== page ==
There has been a lot of hype about self-driving cars. But when, realistically, can we expect to be driven to our destination by a vehicle that has no steering wheel, gas pedal or seat specifically designated for a driver? The answer depends on which of many competitors you’re talking about, but it looks like people in test cities will be able to hail a self-driving cab sometime next year, and these services will be commonly available by the middle of 2021.
Perhaps the most interesting insight is that, due to the high cost of the Lidar imaging system and onboard computer, you will probably not want to own your own self-driving vehicle; a self-driving Chevy Bolt costs around $200,000 to build, compared to a sticker price of around $35,000 for an electric Bolt designed to be operated by human drivers. The competitors expect that delivery services and taxi driving will be the model of the future.
A recent article on bloomberg.com identifies two leaders, Waymo (part of the corporate family that includes Google), and General Motors. Both are targeting 2020 for full “level 5” automation (no steering wheel, ability to navigate city streets as well as highways at speed limits), and both have already achieved “level four” (ability to drive on pre-mapped routes and handle anything on that course without the intervention of a driver). Waymo has run self-driving Chrysler Pacific minivans over 5 million road miles in 25 cities, and its vehicles can reach full speed on highways. The company announced a deal to buy 20,000 Jaguar I-Pace SUVs, with an eye to operating a pilot program of driverless vans in Phoenix, AZ next year.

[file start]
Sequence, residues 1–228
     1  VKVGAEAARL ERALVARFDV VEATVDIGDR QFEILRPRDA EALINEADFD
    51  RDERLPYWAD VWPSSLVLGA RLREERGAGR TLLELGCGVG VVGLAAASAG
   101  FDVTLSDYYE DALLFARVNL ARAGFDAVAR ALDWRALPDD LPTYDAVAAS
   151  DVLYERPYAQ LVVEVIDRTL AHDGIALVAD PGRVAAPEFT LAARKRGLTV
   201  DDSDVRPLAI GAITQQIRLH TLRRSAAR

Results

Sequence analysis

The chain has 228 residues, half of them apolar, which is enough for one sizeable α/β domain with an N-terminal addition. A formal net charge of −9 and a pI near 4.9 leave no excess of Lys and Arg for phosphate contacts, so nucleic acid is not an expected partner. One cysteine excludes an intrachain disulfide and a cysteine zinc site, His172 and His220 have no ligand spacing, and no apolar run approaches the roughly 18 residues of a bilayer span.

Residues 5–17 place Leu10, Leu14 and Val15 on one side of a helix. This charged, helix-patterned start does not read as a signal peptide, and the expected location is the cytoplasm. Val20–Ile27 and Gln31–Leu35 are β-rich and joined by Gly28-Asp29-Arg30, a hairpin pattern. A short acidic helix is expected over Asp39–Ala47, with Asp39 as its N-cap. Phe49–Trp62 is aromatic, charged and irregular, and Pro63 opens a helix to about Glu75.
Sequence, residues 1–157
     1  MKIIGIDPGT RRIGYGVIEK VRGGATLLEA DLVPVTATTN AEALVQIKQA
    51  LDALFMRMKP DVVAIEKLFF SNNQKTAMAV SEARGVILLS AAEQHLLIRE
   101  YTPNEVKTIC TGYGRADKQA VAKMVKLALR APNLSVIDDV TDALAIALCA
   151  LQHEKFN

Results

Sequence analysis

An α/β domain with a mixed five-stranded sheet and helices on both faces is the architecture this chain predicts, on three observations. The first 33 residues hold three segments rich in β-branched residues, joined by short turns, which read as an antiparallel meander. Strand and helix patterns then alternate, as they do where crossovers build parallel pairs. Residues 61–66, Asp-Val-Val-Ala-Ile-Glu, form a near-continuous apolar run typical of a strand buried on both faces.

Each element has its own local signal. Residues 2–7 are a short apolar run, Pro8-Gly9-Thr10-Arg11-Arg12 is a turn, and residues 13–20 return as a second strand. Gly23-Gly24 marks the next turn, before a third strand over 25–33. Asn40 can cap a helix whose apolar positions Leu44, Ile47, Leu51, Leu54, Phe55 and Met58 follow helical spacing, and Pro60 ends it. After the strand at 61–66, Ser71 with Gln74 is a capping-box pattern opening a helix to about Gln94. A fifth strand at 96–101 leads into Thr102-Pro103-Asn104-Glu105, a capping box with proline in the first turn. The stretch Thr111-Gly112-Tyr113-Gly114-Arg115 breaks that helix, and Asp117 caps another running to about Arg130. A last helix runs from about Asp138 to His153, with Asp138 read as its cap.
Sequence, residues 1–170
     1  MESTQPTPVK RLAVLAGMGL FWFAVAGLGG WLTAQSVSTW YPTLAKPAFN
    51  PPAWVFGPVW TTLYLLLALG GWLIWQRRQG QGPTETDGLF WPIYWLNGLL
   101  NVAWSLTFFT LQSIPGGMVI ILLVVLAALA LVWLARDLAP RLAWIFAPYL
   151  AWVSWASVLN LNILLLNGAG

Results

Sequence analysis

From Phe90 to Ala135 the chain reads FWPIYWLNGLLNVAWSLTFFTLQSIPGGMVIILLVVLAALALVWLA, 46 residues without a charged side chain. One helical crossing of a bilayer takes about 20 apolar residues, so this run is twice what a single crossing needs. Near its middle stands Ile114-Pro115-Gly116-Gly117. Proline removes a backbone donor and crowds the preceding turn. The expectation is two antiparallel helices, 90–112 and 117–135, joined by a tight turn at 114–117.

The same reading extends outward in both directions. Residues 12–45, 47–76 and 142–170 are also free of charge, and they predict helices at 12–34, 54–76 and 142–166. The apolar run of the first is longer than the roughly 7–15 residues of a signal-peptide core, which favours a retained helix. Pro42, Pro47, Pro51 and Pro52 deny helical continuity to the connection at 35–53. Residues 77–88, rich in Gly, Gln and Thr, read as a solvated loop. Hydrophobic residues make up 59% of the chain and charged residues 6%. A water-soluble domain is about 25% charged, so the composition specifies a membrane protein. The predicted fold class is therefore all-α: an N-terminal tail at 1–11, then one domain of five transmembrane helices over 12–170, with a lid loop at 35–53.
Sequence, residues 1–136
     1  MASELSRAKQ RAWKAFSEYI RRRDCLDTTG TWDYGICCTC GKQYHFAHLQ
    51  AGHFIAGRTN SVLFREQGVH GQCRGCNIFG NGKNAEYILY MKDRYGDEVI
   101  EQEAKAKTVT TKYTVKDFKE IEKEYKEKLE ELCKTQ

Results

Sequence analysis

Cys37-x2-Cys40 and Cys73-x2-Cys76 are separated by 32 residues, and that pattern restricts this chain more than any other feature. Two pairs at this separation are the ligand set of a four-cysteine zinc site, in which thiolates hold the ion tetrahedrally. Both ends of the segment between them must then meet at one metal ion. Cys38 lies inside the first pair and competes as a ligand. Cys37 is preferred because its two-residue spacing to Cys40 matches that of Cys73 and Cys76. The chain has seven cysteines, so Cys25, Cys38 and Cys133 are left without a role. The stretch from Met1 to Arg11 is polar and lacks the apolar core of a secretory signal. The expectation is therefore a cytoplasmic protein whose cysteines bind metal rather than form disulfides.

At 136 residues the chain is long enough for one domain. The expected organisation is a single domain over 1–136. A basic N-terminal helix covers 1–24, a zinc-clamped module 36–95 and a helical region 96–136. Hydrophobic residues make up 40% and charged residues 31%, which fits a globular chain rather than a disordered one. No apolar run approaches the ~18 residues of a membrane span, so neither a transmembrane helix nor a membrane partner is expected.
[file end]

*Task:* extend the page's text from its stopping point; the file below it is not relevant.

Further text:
General Motors has been testing its autonomous Chevy Bolt in the busy streets of San Francisco at speeds up to 25 miles per hour, and also plans to launch a ride-hailing pilot program next year. For now, 25 miles per hour is GM’s top speed for autonomous technology, so the service obviously is unsuited for the highway. Like Waymo, GM navigates using laser beams to map the road ahead and around the car.
Mercedes-Benz autos already help drivers steer clear of pedestrians and avoid other accidents, and the company plans to offer Level 3 (where you can press a button, take your hands off a retracting steering wheel, and the car lets you know when it needs you again) autonomy technology as an option on its human-operated cars by 2021. A ride sharing service with self-driving cars will be introduced at the same time. The article also notes that Aptiv Plc—formerly Delphi Automotive, the spun-off parts unit of General Motors—is developing self-driving technology for Audi AG, and a company called Zoox is running self-driving Toyota Highlander SUVs in city traffic and at highway speeds. Meanwhile, Renaut and Nissan vehicles manufactured by the Renaut-Nissan Alliance are operating cars in Palo Alto, CA that can become autonomous whenever the driver decides to allow it—and can go 80 miles per hour in full self-drive mode. Audi’s A8 vehicle lets drivers go completely hands-free at speeds up to 37 miles per hour.
Also in the mix are BMW, Toyota, Ford and Tesla, all of which are testing driverless technology. Toyota expects a self-driving shuttle to debut at the Tokyo Olympics in 2020, while Tesla’s tests are the only one of the group to depart from Lidar technology in favor of cameras and optical imaging systems. Today’s Model S and X both employ Autopilot technology, which can pass other cars and change lanes with no hands on the wheel.
The timetables for Mercedes-Benz, Aptiv, Zoox, Renaut, Audi, BMW and Toyota are all fairly similar; they expect ride-sharing services to be available in 2020 or 2021, with high adoption rates toward the end of the 2020 decade as more people give up their cars and turn their garages into an office or a bedroom.